US Supreme Court Opens Networks For Chiropractic
On April 2, 2002 the US Supreme Court ruled unanimously
to uphold a Kentucky law known as an "Any Willing Provider Law". Although
this ruling did not get much press coverage, this ruling will have a
profound effect on how health care is offered to the general public.
Additionally, the law will have a considerable impact on the availability of
chiropractic care in managed care programs.
This ruling upholds state laws that force HMOs to open up
their doctor networks, allowing regulations in about half the states to give
patients broader health care choices. The ruling is a blow to the managed
care industry, which argued that closed networks are more cost-effective
because doctors and hospitals that join agree to accept lower fees in return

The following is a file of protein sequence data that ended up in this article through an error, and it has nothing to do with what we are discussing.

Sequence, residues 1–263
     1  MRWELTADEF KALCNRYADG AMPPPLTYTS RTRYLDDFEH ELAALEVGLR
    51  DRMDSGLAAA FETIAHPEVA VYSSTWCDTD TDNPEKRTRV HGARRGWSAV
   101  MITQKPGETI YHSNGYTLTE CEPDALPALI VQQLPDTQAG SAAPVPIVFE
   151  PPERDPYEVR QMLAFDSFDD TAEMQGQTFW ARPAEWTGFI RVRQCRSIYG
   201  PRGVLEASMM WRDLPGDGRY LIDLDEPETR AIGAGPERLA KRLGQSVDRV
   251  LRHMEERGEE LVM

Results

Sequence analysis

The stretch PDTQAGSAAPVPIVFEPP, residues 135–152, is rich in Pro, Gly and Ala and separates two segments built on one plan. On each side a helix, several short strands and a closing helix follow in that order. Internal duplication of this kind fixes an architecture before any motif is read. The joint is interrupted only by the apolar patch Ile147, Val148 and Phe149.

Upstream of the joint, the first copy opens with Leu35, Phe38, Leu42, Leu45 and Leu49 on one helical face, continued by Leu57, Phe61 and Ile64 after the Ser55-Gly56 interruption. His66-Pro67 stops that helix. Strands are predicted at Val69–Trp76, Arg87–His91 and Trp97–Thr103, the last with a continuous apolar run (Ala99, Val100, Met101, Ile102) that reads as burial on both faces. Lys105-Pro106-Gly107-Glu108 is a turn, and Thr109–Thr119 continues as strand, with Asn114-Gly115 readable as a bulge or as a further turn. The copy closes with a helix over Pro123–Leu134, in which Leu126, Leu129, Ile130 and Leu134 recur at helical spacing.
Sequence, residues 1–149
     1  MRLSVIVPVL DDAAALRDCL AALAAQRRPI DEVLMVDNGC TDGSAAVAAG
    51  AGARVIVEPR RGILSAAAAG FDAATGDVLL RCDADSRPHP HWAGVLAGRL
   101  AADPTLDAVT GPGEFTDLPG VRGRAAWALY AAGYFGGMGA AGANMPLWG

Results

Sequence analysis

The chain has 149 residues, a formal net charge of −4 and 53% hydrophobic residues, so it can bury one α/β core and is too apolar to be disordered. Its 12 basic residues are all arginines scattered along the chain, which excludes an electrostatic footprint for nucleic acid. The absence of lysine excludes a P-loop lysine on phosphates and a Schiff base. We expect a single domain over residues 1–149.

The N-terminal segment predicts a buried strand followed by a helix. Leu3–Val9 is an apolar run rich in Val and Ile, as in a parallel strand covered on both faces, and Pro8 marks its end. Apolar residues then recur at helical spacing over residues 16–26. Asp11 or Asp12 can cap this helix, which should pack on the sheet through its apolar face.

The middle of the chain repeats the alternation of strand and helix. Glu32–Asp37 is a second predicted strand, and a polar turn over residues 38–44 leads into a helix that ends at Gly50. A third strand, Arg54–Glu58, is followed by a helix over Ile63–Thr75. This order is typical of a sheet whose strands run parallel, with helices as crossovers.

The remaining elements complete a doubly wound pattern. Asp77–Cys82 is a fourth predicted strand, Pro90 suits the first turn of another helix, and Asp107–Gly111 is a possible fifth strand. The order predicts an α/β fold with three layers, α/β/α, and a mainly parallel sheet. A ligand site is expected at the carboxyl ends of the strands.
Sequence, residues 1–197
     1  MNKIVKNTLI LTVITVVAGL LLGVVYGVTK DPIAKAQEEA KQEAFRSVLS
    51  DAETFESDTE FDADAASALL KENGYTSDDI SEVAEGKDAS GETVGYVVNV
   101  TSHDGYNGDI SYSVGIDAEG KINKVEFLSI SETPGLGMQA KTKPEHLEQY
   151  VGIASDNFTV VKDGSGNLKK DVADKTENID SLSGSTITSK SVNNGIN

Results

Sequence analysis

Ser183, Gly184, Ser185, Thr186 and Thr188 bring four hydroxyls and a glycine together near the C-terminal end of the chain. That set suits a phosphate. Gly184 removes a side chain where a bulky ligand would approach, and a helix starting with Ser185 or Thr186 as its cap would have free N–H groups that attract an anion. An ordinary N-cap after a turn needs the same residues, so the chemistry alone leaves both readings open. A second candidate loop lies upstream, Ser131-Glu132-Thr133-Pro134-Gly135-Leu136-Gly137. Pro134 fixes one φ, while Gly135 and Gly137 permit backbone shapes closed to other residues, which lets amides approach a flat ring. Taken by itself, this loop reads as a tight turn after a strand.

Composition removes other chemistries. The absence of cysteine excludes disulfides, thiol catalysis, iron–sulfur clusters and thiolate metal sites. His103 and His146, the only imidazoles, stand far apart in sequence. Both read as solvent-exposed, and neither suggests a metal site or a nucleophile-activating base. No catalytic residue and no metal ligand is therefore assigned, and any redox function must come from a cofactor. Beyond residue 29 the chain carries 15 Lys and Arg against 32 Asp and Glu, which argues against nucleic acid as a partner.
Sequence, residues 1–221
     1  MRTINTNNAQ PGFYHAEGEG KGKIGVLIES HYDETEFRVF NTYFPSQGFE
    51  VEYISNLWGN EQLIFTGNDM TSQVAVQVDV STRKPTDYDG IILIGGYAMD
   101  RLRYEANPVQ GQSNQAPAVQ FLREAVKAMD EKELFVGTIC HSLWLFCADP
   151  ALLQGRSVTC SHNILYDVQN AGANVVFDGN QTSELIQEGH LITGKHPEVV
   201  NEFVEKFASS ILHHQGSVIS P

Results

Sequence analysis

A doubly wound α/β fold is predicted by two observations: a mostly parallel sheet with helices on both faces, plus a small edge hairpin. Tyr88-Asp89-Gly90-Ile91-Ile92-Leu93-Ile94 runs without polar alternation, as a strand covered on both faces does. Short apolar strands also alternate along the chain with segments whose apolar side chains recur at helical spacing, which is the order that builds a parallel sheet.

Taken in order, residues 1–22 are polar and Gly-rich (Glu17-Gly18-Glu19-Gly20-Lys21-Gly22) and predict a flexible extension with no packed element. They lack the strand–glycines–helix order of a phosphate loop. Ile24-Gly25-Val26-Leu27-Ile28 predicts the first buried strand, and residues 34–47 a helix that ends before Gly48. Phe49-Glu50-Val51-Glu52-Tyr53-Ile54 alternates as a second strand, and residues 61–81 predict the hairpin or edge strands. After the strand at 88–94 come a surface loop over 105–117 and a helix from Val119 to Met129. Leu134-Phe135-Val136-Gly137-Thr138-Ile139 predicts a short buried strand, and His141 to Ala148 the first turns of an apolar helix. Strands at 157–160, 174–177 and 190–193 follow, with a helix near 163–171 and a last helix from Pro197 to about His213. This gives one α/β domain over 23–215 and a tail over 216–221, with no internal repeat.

for a guaranteed stream of patients.
State "Any Willing Provider" laws basically allow all
licensed doctors who agree to the terms of the HMO to become participating
doctors in the HMO. This prevents HMO's from limiting the number of doctors
in their network. According to many state laws HMO's are not allowed to
discriminate against chiropractors. This ruling upholds those laws and
opens up networks allowing more chiropractors to participate in various
The laws affect HMOs in all areas, but are particularly
helpful to patients in rural areas or small towns, where health care choices
are limited. In those areas, patients sometimes have to drive many miles to
see an in-network health care provider. The Kentucky statutes were
challenged by a group of HMOs and an industry trade association. The case
turned on whether the laws regulate insurance, which states are allowed to
police, or regulate employee benefits, an area reserved for Congress. The
Bush Administration, had asked the court to uphold the Kentucky laws.